Something awful happened this holiday. I correctly predicted the knife Nigella would use to cut up a batch of gingerbread. This is what comes of an addiction to cookery programmes. Although it was a sign that, as my mother put it, I should get out more, I felt that Toast, the dramatisation of Nigel Slater’s autobiography of the same name, required my attention. I’m pretty sure 30 December is dedicated TV-time anyway.
In a unintended turn of events, I ended up watching Toast after making a recipe from Slater’s most recent book, Tender, for apple and blackcurrant turnovers and it reminded me of the things I associate with his cooking: a handful of fresh and simple ingredients, well-assembled, unostentatious and comforting. The origins of this approach to cooking can be found in the early scenes of Toast. The taste world of his youth is resoundingly British and traditional. A dish of spaghetti causes his mother to have an asthma attack and his father to proclaim that Parmesan smells like sick. Incidentally, I think Parmesan smells like feet although this has never prevented me from eating it. The creations of his stepmother Mrs. Potter are very definitely from the meat-and-two-veg school of cookery and there is an early shot of the young Nigel delighting in eating radishes straight from raised beds in his parents’ Wolverhampton garden, a scene that would trigger a severe case of déjà vu among followers of his Simple Suppers series. Young Nigel’s line “I’ve never had a vegetable that didn’t come in a tin” would explain the remaining fascination with the most humble of fresh produce and with creating the simplest of meals. All this boiling of tins, however, leaves me with one question – why did the family have an AGA? I assume it was the 1960s equivalent of the twenty-first century cheese knife set: something pointless and unused.
These links between his early childhood and his later cooking may seem a bit contrived, or that might just be because I was looking out for them after the turnovers, but something more significant comes through in Toast. For Slater, food was evidently a solace and an escape from his surroundings. It gave him a sense of satisfaction and worth. It gave him something to obsess over. It gave him everything his unsatisfactory early life had lacked. You get the impression that these emotions have ever since been poured into every one of his culinary creations and that they both constitute and explain the comfort, depth and appeal of his recipes. Even if his demeanour, turn of phrase or haircut are not to your liking, it is a hard soul or a fussy eater who would turn down a plate of his food. The magnetism of Toast, however, did not only come from its well-crafted exploration of Slater’s experiences of cooking but also that it appealed to universal (or at least my own) experiences of cooking. The emotions that worked their way over the faces of the young and older Slater are the same as those that find themselves on mine when food is involved: enjoyment, self-competitiveness, excitement, frustration and pride.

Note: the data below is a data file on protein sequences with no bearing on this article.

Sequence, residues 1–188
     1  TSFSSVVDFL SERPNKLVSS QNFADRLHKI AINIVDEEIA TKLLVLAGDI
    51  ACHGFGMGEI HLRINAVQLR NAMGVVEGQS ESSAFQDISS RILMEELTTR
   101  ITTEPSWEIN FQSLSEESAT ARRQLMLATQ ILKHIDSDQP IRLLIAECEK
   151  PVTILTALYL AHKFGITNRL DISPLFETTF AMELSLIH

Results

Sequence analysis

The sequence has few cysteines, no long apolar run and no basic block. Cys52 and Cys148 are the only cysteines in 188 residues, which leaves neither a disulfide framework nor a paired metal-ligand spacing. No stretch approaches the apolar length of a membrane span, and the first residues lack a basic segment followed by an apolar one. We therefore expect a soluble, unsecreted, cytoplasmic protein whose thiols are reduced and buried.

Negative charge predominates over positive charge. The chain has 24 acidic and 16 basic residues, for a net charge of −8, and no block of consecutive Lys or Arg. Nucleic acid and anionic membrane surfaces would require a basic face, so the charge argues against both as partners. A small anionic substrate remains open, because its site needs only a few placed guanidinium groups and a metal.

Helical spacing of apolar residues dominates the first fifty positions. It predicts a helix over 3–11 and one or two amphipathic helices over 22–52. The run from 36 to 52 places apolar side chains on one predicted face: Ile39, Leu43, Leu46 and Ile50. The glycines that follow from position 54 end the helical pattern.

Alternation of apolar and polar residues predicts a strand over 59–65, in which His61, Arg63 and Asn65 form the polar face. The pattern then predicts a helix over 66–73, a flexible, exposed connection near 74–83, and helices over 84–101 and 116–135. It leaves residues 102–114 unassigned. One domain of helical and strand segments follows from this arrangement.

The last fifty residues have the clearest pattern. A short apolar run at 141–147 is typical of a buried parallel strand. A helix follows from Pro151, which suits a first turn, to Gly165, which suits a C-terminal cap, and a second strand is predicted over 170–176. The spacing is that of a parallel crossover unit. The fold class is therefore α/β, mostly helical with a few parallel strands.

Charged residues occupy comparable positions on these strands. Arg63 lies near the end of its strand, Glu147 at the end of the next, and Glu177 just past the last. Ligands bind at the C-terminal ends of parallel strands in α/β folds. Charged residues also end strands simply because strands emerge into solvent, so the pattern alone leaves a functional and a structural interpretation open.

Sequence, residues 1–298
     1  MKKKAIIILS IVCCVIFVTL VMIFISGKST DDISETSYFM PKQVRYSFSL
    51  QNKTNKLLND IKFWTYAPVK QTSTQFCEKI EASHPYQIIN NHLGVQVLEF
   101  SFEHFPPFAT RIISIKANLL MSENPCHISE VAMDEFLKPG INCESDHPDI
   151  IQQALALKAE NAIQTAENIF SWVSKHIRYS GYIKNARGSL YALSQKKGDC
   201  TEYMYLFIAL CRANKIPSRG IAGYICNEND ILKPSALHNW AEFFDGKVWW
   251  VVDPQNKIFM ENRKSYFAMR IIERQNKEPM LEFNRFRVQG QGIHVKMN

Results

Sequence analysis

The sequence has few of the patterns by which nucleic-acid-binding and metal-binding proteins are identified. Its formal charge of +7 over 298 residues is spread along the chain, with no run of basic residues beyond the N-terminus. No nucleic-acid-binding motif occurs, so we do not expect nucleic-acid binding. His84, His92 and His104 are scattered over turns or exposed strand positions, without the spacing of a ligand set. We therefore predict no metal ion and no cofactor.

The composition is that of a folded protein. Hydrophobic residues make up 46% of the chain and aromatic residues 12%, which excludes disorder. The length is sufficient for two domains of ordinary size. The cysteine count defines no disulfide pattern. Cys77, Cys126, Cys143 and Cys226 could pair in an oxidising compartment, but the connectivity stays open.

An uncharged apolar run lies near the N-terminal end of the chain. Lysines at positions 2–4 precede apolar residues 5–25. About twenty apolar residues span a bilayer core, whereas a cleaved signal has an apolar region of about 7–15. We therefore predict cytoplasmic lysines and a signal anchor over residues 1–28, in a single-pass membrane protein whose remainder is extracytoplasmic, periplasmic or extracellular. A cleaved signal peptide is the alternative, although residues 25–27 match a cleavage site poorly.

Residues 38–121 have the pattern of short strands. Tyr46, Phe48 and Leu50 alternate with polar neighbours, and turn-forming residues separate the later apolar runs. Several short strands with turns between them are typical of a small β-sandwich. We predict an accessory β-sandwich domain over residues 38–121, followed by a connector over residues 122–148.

Learning about the background of people I admire and would like to emulate sometimes fills me with a sense of regret that I have missed my chance when it comes to developing a prodigious talent. At first, Toast did give me these feelings of lament: why did I not start obsessing over cookery books at seven? Why did I not start developing recipes of my own at eleven? If only my school had offered home economics lessons perhaps I too could be halfway to the kitchens at the Savoy if only I had started earlier! After dragging myself out of a pit of self-centredness however, I began to realise that this was hardly the most useful way of learning from Slater’s example because Toast shows that the secret behind Slater’s cooking is to be found not in the constituent parts of his childhood but in the sum of his experiences; together they gave him a reason to cook and the emotion with which to create such successful dishes. Rather than regret missed opportunities therefore, I should attempt to add a spoonful of feeling to my own modest kitchen pursuits.
Watch Toast on iPlayer here.